Think back to the last few movies you’ve seen and enjoyed. How many times have you heard someones say, while walking out of the theater, something like this?

That was a really good movie. It was a little unbelievable that $CHARACTER did $THING, but still, I really enjoyed it.

Or think back to some of your all-time favorite blockbusters. How many of them have plots that you could poke little holes in, if you really tried?

Hint: the answer is all of them.

How many of those plot holes ruined the movie for you, or even made a noticeable impact on how much you enjoyed it?

Probably none of them.

By believability I don’t mean realism. Lots of stories have magic or advanced technology that is completely unrealistic. But as long as the world of the story is internally consistent and makes sense to the reader, it’s believable.

And believability is important! If the reader or audience stops and thinks “wow, what’s happening here doesn’t make sense,” then you’ve obviously made a mistake. If you can, then by all means, make your plots, explanations, and world-building completely airtight. The problem is that often fixing believability comes at a cost that isn’t worth the benefit.

To paraphrase Benjamin Franklin, those who sacrifice essential momentum for a little temporary believability deserve neither momentum nor believability.

Imagine you’re writing a story where the protagonist is trying to avenge their dead father by pursuing Big Crime Boss. The police have picked up the main character, and the police chief questions them. After a brief, heartfelt conversation, the police chief lets the protagonist go.

How believable is this? Not very. The job of a police chief is to catch people who break the law and hold them for trial, not to make decisions about an individual’s higher moral purpose.

But how important is the lack of believability? The answer is it depends. If you’re writing a story that revolves heavily around the details of law enforcement, then it could matter a lot. If the police chief is a major character, then it definitely matters a lot. But if this scene is just a brief pivot into the climax of the story, and the police chief is a minor character, then maybe it doesn’t matter much at all. Maybe the reader doesn’t really care, and only wants to see the story keep accelerating toward the confrontation with the bad guy. Maybe they intuitively understand that this is how the story needs to be, and that complete, airtight believability just isn’t very important to them.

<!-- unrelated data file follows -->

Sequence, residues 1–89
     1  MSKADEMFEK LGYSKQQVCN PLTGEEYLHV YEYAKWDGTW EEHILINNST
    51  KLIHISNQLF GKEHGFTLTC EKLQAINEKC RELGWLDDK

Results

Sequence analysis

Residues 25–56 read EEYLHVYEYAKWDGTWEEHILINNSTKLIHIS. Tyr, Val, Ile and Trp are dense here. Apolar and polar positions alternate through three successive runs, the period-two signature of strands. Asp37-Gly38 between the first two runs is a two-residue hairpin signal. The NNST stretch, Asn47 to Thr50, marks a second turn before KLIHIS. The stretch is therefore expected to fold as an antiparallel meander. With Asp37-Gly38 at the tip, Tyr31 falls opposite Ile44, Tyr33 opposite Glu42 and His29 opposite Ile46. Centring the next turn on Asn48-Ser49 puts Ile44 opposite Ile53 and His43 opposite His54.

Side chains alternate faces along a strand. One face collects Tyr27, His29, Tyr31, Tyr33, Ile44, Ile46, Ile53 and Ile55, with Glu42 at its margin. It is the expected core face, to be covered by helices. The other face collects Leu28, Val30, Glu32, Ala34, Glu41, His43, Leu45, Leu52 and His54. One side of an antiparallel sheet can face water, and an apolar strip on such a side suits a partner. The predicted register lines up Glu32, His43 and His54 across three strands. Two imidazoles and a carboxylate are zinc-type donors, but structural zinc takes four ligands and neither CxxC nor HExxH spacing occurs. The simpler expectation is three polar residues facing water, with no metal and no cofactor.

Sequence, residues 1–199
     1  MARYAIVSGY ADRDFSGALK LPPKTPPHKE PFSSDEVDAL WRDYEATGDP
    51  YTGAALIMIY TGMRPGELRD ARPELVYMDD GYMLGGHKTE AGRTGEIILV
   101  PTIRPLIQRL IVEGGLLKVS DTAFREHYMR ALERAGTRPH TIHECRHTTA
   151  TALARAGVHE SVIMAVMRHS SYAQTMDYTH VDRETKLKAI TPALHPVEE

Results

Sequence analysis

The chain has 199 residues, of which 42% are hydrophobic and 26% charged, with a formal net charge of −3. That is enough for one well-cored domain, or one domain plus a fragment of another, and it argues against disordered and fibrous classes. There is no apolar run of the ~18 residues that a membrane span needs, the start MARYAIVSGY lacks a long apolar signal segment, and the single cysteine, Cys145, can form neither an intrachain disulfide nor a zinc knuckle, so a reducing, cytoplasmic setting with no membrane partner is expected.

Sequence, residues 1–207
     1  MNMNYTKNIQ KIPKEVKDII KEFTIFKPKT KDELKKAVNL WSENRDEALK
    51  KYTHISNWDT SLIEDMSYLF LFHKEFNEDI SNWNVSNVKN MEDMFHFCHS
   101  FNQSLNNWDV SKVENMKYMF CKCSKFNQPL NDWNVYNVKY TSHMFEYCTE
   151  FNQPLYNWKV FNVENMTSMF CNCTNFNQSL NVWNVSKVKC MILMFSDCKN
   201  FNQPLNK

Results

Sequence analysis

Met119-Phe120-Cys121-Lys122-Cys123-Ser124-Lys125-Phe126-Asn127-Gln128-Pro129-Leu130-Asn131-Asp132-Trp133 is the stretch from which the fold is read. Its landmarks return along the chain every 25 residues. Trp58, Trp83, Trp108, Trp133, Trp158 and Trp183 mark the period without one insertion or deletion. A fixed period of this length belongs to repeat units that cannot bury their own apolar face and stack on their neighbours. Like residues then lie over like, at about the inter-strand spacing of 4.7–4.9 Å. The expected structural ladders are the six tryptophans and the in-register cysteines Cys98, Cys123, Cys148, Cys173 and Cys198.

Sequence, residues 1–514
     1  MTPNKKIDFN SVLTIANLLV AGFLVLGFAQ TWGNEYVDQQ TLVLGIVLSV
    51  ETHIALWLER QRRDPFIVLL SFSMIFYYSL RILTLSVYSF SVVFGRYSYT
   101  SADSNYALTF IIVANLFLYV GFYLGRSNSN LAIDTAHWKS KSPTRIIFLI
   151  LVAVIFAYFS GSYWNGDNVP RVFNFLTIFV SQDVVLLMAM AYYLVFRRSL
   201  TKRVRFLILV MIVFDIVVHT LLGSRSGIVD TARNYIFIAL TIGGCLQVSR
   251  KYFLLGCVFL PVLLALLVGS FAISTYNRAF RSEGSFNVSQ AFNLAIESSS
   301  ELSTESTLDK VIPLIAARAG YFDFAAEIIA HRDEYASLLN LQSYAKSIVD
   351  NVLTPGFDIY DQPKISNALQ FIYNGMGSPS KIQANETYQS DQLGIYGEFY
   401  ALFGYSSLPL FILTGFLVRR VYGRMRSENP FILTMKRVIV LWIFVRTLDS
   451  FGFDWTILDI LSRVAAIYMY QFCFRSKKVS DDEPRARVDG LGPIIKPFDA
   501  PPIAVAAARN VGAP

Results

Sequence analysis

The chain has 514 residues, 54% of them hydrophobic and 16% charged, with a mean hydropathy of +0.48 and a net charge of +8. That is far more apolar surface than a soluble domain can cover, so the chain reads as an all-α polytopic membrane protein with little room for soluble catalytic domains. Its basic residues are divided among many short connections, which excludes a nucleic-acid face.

And what about the cost of the fix? If all it takes to improve this scene is to add a couple of lines of dialogue, then it’s probably worthwhile. But what if it takes a massive rejiggering of your story? What if changing a motivation to fix your problem results in more problems in other parts of the story?

The danger we can get into as writers is to think that there’s some perfect version of our story that fixes every problem that anyone might possibly perceive. We can tinker endlessly, trying to tune every tiny bit until there’s no chance for the reader to complain. And in the process, sometimes we end up with a story that feels overly complicated. Or mind-numbingly slow. Or just plain boring. We lose our story’s momentum.

Sometimes, the right thing to do with a believability problem is just to zoom right past it. A good story catches the reader up in a flood of anticipation and excitement that can easily withstand a tiny bit of unbelievability. That momentum, whether it’s internal or external, plot-oriented or emotional, is the key you’re looking for. It’s the reason why you didn’t care about the silly little believability holes in your favorite movies. Focus on maintaining that momentum, not on tiny bumps and potholes in your plot.

One last note: there’s a big difference between deciding that you’re not going to tinker with a tiny problem where the fix will hurt the story overall and deciding that you’re not going to fix a real issue just because it’s hard. Sometimes the right fix for a real problem means upending lots of other parts of your story. That’s one of the most frustrating things about writing. But it’s not the difficulty of the fix that should be the deciding factor, but rather what makes the story better. Let that guide you, and you’ll always be going in the right direction.


from the tinkerer-tailorer-soldierer-spier dept